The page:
An expert offers suggestions on ways companies can transform an ethics program into an ethical culture.
I travel about half of the year, talking with people -- in HR, in legal, in compliance, in internal audit -- to identify initiatives that will inspire an organization's stakeholders to do the right thing on the job. While on-site with a prospective client, I often ask various employees, "Do you have a copy of your company's code of conduct?"
It's a personal experiment I conduct whenever I'm on a client visit. The responses I get vary, but each one says a lot about the organization before I ever meet with my point of contact. If he or she knows what I'm asking for and can readily produce a copy, I know going in that their code is likely a real resource for employees, something that's valued, a living document.
Sometimes they'll call HR to ask for one, sometimes they'll tell me it's proprietary but if the person says, "I don't think we have one," or worse, "What's a code of conduct?" that's a red flag.
Of course a code of conduct doesn't automatically spell an ethical culture, but it's a pretty good barometer.
In a recent Ernst & Young study, A Survey into Fraud Risk Mitigation in European Countries, researchers asked employees of multinational companies in 13 European countries if all big companies should have a code of conduct, and 88 percent of respondents said they should.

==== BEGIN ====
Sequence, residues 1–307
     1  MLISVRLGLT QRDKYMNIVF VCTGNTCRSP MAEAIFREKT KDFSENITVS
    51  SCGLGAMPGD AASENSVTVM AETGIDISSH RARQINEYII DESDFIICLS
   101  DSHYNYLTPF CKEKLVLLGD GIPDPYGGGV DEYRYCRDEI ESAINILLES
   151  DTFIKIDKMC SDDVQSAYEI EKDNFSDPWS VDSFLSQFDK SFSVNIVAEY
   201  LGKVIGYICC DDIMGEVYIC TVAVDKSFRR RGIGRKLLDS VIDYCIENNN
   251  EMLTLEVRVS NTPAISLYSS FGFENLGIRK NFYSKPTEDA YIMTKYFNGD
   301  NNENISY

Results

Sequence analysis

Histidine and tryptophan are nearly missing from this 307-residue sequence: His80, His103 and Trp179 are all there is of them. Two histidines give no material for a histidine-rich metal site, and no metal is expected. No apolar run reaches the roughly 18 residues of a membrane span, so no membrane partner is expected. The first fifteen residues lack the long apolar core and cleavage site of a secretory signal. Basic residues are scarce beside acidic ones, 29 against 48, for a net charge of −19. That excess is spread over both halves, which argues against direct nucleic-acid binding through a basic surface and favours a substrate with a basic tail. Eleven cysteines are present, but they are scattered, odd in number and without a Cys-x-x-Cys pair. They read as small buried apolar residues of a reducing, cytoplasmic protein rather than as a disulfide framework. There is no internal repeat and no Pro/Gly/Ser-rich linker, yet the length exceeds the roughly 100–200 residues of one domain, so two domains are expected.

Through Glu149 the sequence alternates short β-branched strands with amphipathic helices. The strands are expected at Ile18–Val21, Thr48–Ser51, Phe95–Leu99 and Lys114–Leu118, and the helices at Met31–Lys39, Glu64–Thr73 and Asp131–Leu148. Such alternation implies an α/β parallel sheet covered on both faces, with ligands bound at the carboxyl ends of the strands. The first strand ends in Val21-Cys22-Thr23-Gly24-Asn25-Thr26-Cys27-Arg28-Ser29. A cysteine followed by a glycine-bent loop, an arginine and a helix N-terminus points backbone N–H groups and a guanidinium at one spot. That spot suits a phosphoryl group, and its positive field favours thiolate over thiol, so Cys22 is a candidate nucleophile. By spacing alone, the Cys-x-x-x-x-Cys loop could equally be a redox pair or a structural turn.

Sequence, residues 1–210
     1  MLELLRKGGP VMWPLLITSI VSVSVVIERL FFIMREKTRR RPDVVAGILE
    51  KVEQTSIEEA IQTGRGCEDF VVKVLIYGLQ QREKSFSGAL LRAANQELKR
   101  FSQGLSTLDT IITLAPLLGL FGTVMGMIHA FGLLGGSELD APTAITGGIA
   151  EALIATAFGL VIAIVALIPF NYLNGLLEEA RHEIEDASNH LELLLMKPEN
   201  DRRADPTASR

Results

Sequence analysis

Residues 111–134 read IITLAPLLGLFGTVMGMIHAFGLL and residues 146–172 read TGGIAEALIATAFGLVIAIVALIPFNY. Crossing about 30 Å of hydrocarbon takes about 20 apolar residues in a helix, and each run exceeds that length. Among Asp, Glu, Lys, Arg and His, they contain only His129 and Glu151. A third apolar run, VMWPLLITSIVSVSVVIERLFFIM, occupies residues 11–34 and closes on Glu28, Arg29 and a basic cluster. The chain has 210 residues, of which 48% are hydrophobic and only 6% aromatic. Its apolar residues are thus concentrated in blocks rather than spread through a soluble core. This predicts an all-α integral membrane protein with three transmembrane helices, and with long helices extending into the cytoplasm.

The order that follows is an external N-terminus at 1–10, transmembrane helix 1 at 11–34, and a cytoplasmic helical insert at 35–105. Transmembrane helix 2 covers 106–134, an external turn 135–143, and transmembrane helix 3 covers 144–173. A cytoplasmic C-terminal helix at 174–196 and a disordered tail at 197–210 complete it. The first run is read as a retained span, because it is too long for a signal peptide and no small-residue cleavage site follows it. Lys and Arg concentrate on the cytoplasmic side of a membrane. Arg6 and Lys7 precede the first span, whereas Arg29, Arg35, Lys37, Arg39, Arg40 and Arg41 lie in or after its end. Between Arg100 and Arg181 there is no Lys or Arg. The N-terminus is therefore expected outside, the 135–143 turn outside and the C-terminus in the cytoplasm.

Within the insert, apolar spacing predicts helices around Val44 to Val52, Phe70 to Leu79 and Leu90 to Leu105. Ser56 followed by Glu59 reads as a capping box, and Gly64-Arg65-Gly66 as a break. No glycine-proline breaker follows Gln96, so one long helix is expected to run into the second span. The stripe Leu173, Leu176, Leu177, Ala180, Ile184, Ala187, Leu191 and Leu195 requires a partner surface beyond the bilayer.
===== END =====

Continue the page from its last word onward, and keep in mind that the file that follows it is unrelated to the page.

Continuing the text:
Interestingly, of these respondents, only 62 percent said their companies actually had one. The researchers point out that employees prefer to work in a place that has a code of conduct, where there's clarity about what constitutes right and wrong.
Of course, there's a difference between having a code and having an effective ethics code -- that's one element that distinguishes companies with an ethical culture. And there are others.
Here is a list of the top five elements:
1. Transform your code of conduct from good to great.
Maybe your organization is one of the 62 percent in E&Y's survey that already has a code. But if it's filled with policy-speak or doesn't address the kinds of issues your employees face on a day-to-day basis, it's probably underperforming.
A code should represent the centerpiece of an ethical culture, serve as a ready resource for employees and be accessible via print and/or electronic formats. It should also reflect the look, tone and voice of the company.
And, although crafters of the code should work hand-in-hand with the legal department, the end product should reflect an easy-to-read style that not only reinforces the company's core values, but acts as a guide for ethical decision-making.
2. Cascade the message.
Managers who are passionate about an ethical workplace breed subordinates who are passionate about doing the right thing, and yet, in spreading the message about ethics, they are often overlooked. In its 2008-2009 Integrity Survey, KPMG Forensics asked employees who they would feel most comfortable approaching with a report of misconduct. "Supervisor" was the most often cited (78 percent of respondents).